If you're into whiskey, you've probably come across writer Aaron Goldfarb. FromPUNCH,toEsquire, to Whisky Advocate, his articles have tackled everything from basic whiskey history to the art and science of the "infinity bottle." He also happens to be the author of How to Fail: A Self Hurt Guide, so needless to say, his storytelling is far from pretentious and stuffy.
In fact, it's that irreverence that makes Aaron the perfect author for Hacking Whiskey, our experimental, rebellious and even borderline offensive guide to having more fun with the time-honored spirit. We sat down to get to the heart of Aaron's whiskey obsession—and why he was so excited to turn the tables on traditional ways to drink it.
You've been writing about whiskey for a while. Why was it time for a book?
I never planned to write alcohol books. I wrote other kinds of novels and did alcohol journalism, but when Dovetail reached out about the possibility of an alternative whiskey book, I realized that I had already done a significant amount of research on the oddball corners of what whiskey geeks were drinking.
What is it about whiskey that makes it so hip—to the point of being cliche?
It's an aged spirit, so that's already rare and interesting. But aside from some really obscure Scotches, it's not that hard to understand whiskey, so there's the pairing of perceived complexity and actually being a subject that's pretty easy to get into. Also, it's inherently collectible in that you don't have to finish bottles in one night. You can display them like a trophies! But that's why I wrote Hacking Whiskey, to start to get past some of that trophy culture.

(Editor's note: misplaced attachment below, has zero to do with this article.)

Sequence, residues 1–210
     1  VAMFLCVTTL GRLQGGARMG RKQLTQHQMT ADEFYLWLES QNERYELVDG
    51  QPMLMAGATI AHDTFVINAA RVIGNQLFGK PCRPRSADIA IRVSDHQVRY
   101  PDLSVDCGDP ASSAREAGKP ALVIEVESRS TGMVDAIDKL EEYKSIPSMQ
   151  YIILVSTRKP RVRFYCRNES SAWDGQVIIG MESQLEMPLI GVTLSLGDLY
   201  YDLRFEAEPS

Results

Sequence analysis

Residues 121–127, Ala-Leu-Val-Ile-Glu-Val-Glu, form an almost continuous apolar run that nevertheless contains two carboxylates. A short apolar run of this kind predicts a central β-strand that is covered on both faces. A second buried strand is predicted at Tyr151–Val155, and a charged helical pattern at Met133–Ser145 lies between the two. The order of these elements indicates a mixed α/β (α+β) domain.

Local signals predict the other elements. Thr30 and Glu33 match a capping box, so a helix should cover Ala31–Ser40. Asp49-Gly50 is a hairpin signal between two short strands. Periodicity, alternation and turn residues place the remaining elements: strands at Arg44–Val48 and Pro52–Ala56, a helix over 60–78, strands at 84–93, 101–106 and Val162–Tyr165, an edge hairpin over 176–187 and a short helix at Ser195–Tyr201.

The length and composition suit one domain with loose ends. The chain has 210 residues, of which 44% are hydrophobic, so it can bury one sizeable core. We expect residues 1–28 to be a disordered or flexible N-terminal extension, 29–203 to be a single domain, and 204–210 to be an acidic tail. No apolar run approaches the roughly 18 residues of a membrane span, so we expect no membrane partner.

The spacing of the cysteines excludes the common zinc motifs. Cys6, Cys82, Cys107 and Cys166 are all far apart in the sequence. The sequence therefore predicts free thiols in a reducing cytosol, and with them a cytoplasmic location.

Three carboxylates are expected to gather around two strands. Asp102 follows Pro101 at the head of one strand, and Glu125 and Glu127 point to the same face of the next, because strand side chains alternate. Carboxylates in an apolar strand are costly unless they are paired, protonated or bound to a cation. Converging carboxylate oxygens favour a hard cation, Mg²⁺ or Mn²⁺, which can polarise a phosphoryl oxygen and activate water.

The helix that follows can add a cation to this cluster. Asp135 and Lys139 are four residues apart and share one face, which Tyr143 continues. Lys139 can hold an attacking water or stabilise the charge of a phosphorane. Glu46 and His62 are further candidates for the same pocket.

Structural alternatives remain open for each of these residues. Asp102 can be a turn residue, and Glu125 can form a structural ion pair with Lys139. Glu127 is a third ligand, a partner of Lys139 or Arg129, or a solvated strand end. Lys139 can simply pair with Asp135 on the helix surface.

What do you want readers to take away from the book?
At this point, you're not going to get Pappy. You don't have the connections and you don't know what to look for. So what I'm saying is that it doesn't matter, because the stuff at your local liquor store is pretty good. And if you get into projects like infinity bottles, it quickly becomes rare and more fun. That's really the problem with whiskey right now—as it has gotten hotter, it's not as fun. I'm not interested in dudes fetishizing bottles (though, yes, I've done that myself).
Any particularly funny anecdotes from your research?
When "California Gold" was getting popular—which I did get to taste—there were people who said to me, "If you like that, you have to try Old Cousin Touchers." Of course, I thought they were trolling me. But I'm pretty good at finding anonymous people on the internet, and I eventually found the guy making it—right before I finished the book. That's just one of the weird stories from the internet world of whiskey geeks. You sign off for two days, and you come back to a whole new thing to dig into, as if you've been gone for years.